All posts by Amanda.Gawron@VerticalAdvisors.com

2021 individual taxes: Answers to your questions about limits

 

Many people are more concerned about their 2020 tax bills right now than they are about their 2021 tax situations. That’s understandable because your 2020 individual tax return is due to be filed in less than three months (unless you file an extension).

However, it’s a good idea to acquaint yourself with tax amounts that may have changed for 2021. Below are some Q&As about tax amounts for this year.

Be aware that not all tax figures are adjusted annually for inflation and even if they are, they may be unchanged or change only slightly due to low inflation. In addition, some amounts only change with new legislation.

How much can I contribute to an IRA for 2021?

If you’re eligible, you can contribute $6,000 a year to a traditional or Roth IRA, up to 100% of your earned income. If you’re 50 or older, you can make another $1,000 “catch up” contribution. (These amounts were the same for 2020.)

I have a 401(k) plan through my job. How much can I contribute to it?

For 2021, you can contribute up to $19,500 (unchanged from 2020) to a 401(k) or 403(b) plan. You can make an additional $6,500 catch-up contribution if you’re age 50 or older.

I sometimes hire a babysitter and a cleaning person. Do I have to withhold and pay FICA tax on the amounts I pay them?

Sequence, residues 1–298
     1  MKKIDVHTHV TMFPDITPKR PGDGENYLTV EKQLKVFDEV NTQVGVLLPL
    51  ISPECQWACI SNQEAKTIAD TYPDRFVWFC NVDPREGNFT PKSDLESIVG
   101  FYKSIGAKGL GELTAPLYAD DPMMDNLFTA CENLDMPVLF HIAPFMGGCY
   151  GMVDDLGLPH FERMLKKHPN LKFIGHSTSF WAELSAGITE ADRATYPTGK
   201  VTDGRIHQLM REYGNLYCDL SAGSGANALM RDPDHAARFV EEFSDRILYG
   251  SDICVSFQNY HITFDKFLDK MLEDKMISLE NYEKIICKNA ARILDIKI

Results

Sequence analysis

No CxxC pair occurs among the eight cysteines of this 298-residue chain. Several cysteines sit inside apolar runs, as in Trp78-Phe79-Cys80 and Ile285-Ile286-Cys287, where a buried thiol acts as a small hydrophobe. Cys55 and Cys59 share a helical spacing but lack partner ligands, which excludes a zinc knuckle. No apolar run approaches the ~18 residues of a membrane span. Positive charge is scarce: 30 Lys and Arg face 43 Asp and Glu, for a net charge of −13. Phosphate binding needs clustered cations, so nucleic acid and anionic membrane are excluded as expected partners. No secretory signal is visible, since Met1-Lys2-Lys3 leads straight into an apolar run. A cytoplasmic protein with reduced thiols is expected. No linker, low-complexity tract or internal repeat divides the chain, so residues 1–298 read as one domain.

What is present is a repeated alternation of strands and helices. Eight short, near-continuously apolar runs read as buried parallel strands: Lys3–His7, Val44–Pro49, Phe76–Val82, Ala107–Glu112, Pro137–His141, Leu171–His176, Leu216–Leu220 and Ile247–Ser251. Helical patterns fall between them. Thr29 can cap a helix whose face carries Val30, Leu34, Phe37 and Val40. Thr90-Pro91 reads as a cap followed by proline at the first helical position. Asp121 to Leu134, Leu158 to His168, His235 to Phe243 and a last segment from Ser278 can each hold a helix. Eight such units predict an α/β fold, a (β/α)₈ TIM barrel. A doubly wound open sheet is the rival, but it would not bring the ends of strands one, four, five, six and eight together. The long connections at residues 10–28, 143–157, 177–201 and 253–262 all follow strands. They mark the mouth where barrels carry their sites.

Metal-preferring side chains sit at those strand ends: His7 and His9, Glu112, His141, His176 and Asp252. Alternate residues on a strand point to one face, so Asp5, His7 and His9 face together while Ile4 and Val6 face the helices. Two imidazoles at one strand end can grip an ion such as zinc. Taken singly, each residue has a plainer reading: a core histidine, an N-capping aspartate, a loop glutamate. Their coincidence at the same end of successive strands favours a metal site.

In 2021, the threshold when a domestic employer must withhold and pay FICA for babysitters, house cleaners, etc., is $2,300 (up from $2,200 in 2020).

How much do I have to earn in 2021 before I can stop paying Social Security on my salary?

The Social Security tax wage base is $142,800 for this year (up from $137,700 last year). That means that you don’t owe Social Security tax on amounts earned above that. (You must pay Medicare tax on all amounts that you earn.)

I didn’t qualify to itemize deductions on my last tax return. Will I qualify for 2021?

A 2017 tax law eliminated the tax benefit of itemizing deductions for many people by increasing the standard deduction and reducing or eliminating various deductions. For 2021, the standard deduction amount is $25,100 for married couples filing jointly (up from $24,800). For single filers, the amount is $12,550 (up from $12,400) and for heads of households, it’s $18,800 (up from $18,650). If the amount of your itemized deductions (such as mortgage interest) are less than the applicable standard deduction amount, you won’t itemize for 2021.